The Antithesis of The Centrality of War And Violence In Culture

I had to bite my tongue in class when the topic of war came up.

I find that my views on war and violence are often quite controversial. I suspect that it is because they are controversial, that people are not always willing to hear them. Furthermore, people seem to not like opinions which span more than one sentence. They like black and white views on life–I am a Democrat, I am a Calvinist, I am a Cessationalist, I am a capitalist etc. More often than not, people don’t have the patience or time to hear a full exposition of how my view of war has been formed and evolved through time to arrive at what I believe in this. With this in mind, I think with any opinion there is a time to voice them, and there is a time to be silent. I also think there are clear opinions on war, that are reflected in our society.

It is unfortunate, because I would argue that the evolution in the history of someone’s thought is immeasurably more interesting than the final opinion that one finally arrives at. John Piper in Bloodlines: Race, Cross, and the Christian talks about how his initial views on race were shaped and influenced by growing up in a conservative culture in the South. As he grew up, he began to realize and change how he saw the world in a profound manner.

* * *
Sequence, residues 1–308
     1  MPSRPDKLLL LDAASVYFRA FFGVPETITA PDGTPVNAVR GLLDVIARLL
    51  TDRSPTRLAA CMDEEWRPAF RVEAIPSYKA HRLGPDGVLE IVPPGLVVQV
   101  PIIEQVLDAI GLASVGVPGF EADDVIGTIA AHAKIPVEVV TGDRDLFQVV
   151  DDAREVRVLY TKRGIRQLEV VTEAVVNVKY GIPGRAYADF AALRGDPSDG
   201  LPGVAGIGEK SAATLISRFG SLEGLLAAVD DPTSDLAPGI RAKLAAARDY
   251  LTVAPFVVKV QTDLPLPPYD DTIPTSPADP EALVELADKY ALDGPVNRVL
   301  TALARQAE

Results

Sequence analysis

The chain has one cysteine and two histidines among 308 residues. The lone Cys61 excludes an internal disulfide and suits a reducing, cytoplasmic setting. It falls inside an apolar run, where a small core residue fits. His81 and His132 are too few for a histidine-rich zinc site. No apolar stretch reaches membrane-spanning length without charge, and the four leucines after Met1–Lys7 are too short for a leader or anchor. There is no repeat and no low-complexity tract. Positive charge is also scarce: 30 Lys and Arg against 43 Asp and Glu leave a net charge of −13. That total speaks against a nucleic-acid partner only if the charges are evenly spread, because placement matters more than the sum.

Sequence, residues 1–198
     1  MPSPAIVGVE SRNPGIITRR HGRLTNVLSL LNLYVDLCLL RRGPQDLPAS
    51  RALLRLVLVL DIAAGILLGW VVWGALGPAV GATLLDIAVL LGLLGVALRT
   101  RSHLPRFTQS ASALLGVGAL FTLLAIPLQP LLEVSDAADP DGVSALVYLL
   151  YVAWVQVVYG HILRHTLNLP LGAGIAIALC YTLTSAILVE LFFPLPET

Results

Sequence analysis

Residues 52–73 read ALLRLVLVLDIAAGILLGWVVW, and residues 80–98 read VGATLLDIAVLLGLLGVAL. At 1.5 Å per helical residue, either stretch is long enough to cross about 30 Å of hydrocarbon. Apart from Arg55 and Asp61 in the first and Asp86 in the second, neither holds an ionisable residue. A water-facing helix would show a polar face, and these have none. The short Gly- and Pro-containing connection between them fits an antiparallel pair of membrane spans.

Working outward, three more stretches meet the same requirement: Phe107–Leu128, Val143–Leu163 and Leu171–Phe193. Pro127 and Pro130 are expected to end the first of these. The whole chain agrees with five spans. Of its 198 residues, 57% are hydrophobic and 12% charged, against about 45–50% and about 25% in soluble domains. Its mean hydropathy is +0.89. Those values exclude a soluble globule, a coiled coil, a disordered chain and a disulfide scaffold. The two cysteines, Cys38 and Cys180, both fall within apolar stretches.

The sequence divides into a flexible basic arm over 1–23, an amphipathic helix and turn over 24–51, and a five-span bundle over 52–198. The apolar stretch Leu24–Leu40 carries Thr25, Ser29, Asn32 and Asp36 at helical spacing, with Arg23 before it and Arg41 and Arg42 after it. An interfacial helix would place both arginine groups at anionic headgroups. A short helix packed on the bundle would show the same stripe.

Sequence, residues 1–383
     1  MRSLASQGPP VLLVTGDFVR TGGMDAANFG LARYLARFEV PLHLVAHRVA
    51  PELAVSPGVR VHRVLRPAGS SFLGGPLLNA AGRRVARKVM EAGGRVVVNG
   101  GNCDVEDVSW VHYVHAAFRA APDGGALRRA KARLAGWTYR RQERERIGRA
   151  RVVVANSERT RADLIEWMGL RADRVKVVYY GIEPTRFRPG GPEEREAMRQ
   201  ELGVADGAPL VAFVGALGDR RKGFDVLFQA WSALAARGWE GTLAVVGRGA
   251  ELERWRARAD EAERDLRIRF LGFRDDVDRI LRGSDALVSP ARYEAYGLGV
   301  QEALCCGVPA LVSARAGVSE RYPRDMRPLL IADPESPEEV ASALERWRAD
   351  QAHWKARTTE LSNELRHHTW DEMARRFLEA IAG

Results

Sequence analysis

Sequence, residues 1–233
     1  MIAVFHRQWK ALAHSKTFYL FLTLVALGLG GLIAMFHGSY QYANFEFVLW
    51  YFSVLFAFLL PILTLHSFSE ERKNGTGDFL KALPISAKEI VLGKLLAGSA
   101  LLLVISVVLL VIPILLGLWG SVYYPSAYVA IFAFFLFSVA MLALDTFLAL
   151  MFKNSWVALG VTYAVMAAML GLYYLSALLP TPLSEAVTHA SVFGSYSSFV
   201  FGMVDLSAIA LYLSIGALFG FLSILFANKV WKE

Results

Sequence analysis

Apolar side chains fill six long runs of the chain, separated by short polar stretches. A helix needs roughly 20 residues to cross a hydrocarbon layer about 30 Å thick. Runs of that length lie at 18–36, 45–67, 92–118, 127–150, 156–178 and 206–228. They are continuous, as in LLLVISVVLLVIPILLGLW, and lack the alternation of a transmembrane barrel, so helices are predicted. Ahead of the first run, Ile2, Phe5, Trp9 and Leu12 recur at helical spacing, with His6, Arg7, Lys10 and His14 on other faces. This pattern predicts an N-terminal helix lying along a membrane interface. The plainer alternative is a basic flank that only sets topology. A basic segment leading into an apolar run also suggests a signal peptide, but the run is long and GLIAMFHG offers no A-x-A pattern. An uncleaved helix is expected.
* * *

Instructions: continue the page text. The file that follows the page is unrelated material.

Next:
The Status Quo   Read more of this post

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How Great Are Your Convictions?

This post is a conversation from Jonathan Safran Foer’s book Eating Animals. He is here talking to his grandmother, a Jewish survivor from the Second World War:

“I became sicker and sicker from not eating, and I’m not just talking about being skin and bones. I had sores all over my body…I ate things i wouldn’t tell you about…The worst it got was near the end. A lot of people died right at the end, and I didn’t know if I could make it another day. A farmer, a Russian, God bless him, he saw my condition, and he went into his house and came out with a piece of meat for me.

“He saved your life.”

“I didn’t eat it.”

“You didn’t eat it?”

“It was pork. I wouldn’t eat pork.”

“Why?”

“What do you mean why?”

“What because it wasn’t kosher?”

“Of course.”

“But not even to save your life?”

“If nothing matters, there’s nothing to save.”

I read this quote in the school magazine as part of an argument for veganism, but I don’t think that that the grandma had that in mind at all. The quote is more directed at religious conviction–for her it was the Mosaic law. I am continually mystified by this Christian faith of which I consider myself a part, that would give up so much for God. Surely, we must truly believe in God to fulfill how much Jesus demands of us.

What convictions do you have, and how far would you go to save it?